Three Must-dos When You Don’t Get the Job

By : Categories : career advice Comment: 4 Comments

You polished your resume and sent it, along with a stellar cover letter, to the right person.

You got a call.

You aced the interview.

You were brought back in – twice!

You sent thank you notes after each interview, to each interviewer.

Your follow-up was polite and appropriate.

You were told you were a finalist. The HR person thought it was looking good for you…

And yet, they gave the job to someone else. After all that effort and waiting and wondering.

After joking with the receptionist about being a “regular” in the lobby. After establishing what seemed like a genuine rapport with the executive in charge of the department. After what the HR person said about it looking good…

Yes, it’s a disappointment, but in spite of what you might think, all is not lost. What do you do to maximize your chances of having some good come out of this seeming loss?

1)      Be gracious. Yes, you were obviously the best candidate, at least as far as you could tell. And maybe some of the people on the other side of the interview desk thought so, too. But a decision was made, no matter how difficult. And it’s time to touch base one more time with a thank you to all involved for their time and consideration.

2)      Be a resource, if you can. If there’s some topic that was discussed and piece of information that the interviewer wished they had, track it down. If the interviewer wanted to connect with someone who you know, offer to make the introduction. There’s not always an opportunity like this, but if there is, take advantage of it.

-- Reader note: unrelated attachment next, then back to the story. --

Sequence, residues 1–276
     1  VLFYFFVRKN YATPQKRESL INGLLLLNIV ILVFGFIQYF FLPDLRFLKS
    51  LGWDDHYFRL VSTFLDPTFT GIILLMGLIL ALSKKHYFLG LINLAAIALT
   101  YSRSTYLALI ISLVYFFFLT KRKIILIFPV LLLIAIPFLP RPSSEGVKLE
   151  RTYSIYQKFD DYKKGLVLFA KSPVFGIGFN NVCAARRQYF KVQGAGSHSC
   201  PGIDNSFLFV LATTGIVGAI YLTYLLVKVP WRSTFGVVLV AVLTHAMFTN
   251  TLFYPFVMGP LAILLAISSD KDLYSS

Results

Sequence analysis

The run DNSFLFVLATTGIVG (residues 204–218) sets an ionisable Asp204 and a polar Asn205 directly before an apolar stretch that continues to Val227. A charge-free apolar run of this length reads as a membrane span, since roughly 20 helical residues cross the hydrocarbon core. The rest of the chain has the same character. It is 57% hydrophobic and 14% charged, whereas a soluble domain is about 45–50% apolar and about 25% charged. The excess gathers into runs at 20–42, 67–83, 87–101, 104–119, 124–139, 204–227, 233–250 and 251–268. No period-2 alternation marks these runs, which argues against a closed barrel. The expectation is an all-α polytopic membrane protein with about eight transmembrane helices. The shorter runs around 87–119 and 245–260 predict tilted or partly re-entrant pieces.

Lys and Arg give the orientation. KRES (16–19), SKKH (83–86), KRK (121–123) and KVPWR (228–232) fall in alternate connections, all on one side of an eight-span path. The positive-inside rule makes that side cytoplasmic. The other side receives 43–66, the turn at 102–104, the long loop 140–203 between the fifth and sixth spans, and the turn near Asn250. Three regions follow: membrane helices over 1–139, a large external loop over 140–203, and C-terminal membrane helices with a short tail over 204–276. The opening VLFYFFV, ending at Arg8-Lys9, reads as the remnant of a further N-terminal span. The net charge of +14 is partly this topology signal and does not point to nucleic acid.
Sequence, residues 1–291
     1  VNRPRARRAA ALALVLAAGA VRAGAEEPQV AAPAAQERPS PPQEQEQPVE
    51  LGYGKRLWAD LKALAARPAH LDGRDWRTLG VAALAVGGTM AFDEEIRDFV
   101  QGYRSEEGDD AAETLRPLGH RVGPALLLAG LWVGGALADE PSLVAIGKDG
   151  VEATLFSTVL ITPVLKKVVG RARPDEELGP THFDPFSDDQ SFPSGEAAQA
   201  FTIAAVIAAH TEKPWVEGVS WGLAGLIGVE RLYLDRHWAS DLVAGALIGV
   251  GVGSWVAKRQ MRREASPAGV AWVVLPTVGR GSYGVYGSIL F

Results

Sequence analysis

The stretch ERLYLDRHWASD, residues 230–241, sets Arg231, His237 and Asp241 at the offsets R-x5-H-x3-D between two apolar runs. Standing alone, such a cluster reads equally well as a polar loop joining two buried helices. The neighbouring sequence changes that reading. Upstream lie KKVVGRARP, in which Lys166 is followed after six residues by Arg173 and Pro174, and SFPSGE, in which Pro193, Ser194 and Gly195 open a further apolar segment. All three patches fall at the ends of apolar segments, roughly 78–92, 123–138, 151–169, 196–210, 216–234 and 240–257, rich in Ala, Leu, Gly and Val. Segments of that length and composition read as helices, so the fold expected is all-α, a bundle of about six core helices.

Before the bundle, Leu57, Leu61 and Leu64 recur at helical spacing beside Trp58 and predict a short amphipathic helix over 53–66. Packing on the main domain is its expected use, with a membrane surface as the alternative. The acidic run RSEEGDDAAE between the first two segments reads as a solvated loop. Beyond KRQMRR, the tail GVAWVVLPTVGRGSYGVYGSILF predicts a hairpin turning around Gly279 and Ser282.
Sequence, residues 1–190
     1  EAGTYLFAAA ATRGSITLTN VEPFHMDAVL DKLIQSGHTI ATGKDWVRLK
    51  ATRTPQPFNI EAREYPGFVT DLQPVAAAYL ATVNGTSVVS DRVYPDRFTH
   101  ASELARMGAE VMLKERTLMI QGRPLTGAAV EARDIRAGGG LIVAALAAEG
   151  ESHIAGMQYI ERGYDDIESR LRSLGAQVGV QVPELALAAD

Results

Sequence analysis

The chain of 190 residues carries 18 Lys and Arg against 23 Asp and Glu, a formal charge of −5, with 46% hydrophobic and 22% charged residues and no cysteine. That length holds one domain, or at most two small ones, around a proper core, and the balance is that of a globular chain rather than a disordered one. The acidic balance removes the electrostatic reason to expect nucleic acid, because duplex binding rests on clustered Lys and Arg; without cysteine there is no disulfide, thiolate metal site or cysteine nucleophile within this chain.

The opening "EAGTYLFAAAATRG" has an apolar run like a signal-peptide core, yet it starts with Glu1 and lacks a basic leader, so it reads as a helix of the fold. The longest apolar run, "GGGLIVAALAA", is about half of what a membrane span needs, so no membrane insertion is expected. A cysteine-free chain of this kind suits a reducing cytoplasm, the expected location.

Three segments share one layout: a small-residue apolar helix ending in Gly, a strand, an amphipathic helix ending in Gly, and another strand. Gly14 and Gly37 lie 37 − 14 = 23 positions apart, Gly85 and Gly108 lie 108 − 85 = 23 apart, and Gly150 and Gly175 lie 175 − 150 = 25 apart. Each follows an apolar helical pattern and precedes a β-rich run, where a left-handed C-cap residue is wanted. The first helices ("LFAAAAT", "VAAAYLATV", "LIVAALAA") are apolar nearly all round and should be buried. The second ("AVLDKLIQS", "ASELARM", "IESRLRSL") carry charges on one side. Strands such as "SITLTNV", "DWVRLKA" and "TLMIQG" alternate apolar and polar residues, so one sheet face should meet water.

3)      Keep the door open. Part of keeping the door open is the thank you and the effort made as a resource. But saying it is important. “If another position comes up – or if the candidate you hired doesn’t work out – I would still love the opportunity to join the team over there.” A sentence like this can cement you in their minds as the backup or as the first person to be called when something else becomes available.

I have personally hired many people who were passed over for the original job they came in for, sometimes for a better position I knew was coming up but couldn’t say anything about. I have also forward resumes of promising candidate to colleagues at other companies for their open positions. Getting the original job is just one good outcome of the job interviewing process. Consider a “near miss” at getting hired one more step in building your reputation for overall career success.

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About JennyYM

Jenny Yerrick Martin is a veteran entertainment hiring executive with 20+ years in film, television, and music. She created yourindustryinsider.com to give students, recent grads and others a true picture of the layout of the industry, and how to break in, transition to a new area, or achieve more success on their current path.

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  • Aaron Marcus

    November 11, 2011 at 12:44 pm

    Great ideas. The same concept holds true for actors who did not book the job after a number of call backs.

    There are so many reasons why actors book and do not book a job, and quite often it has little to do with the actual audition. Perhaps the kid who auditioned gave the best read, but he or she does not look like he belongs to the parents in the film who have already been cast.

    The important thing is how we handle the situation. Maybe an actor does not get the role he read for, but the director loved his read and will consider him for another project.

    All we can do is enjoy our audition, learn from it, and move on to the next one.

  • CorinneC

    November 21, 2011 at 5:14 am

    Thanks for these great tips! I’ll remember them next time!

  • Bestman

    December 7, 2011 at 2:48 am

    I hope that more people read this and get what I got from it: chills. Great job and great blog. I cant wait to read more, keep em comin!

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